مدلی برای یکپارچه سازی برنامه ریزی فرایند و برنامه ریزی تولید و کنترل در فرآیندهای ماشینکاری
|کد مقاله||سال انتشار||مقاله انگلیسی||ترجمه فارسی||تعداد کلمات|
|26818||2008||13 صفحه PDF||سفارش دهید||محاسبه نشده|
Publisher : Elsevier - Science Direct (الزویر - ساینس دایرکت)
Journal : Robotics and Computer-Integrated Manufacturing, Volume 24, Issue 4, August 2008, Pages 532–544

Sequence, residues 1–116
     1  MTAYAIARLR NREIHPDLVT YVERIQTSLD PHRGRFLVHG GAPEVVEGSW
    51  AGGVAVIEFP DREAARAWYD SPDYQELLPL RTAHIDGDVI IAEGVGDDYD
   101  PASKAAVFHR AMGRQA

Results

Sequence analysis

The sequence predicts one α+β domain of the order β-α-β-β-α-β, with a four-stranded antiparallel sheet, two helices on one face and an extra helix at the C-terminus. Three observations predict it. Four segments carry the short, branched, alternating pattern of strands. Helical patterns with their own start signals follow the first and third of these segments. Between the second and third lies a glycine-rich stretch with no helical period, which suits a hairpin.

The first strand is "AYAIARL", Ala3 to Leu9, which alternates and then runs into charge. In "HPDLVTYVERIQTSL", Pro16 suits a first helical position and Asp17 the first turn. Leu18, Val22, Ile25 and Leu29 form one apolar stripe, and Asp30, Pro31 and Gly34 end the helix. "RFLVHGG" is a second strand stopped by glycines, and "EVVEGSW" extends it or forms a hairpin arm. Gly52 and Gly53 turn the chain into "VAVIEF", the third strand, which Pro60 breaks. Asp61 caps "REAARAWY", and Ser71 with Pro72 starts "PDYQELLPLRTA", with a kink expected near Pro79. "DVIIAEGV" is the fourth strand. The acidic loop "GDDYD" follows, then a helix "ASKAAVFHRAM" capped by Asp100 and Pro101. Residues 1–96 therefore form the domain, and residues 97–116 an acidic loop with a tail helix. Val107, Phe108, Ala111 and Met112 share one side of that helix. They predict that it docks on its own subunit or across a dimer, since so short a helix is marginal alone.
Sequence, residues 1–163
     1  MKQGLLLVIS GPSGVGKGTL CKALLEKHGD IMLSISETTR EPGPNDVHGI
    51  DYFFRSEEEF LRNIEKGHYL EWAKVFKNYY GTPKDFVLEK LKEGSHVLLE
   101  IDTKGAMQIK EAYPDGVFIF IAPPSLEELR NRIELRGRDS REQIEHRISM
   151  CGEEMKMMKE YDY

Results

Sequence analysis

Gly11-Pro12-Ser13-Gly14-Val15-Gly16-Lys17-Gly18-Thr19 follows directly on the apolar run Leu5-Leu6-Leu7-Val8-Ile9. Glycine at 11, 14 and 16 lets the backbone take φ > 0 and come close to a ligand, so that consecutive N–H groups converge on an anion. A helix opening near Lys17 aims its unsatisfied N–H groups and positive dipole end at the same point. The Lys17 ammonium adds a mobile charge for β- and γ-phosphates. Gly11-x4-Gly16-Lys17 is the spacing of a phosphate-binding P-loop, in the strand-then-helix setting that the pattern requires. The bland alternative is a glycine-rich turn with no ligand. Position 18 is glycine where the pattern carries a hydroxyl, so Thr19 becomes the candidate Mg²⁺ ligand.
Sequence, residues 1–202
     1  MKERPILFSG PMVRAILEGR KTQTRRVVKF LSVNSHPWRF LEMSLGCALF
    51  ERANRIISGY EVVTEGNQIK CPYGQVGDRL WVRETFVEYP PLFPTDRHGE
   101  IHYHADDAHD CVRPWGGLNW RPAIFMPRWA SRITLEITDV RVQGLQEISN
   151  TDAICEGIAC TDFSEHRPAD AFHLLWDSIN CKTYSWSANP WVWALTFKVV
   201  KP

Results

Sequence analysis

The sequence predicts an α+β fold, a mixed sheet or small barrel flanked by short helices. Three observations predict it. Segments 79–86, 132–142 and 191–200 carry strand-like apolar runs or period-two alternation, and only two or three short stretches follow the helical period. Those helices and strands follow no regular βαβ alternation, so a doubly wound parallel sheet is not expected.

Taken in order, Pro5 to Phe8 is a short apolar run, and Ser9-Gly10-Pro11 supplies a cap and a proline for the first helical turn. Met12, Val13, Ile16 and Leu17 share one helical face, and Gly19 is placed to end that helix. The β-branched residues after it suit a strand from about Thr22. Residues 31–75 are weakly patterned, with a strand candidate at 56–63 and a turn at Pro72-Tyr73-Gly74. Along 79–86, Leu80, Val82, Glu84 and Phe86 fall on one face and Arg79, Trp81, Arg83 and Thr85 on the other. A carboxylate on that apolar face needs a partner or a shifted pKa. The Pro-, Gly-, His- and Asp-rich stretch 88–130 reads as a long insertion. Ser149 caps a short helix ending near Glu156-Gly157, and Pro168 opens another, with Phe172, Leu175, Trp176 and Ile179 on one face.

The goal of process planning is to propose the routing of a previously designed part and results in a sequence of operations and their parameters. It concerns and requires detailed information about the process. The goal of production planning, on the other hand, is to schedule, sequence and launch the orders introduced on the routing sheet into the job-shop according to the enterprise's strategic goal and the actual conditions of the production plant. The goals, information and decisions taken in process planning and production planning and control are often very different and, because of that, it is very difficult to integrate them. The objective of this work is to develop a model that can be applied in the future to the development of an integrated process planning and scheduling tool using an integrated definition (IDEF) methodology to design an activity model, which integrates process and production planning in metal removal processes. An activity model will be used to develop a system that allows the user to plan the process and the production at the same time in collaborative engineering work. To design the activity model, a wide range of parts were evaluated and processed in an actual job-shop factory. Several activities were developed in detail to be tested in real cases, and an example of one of them is introduced in this article.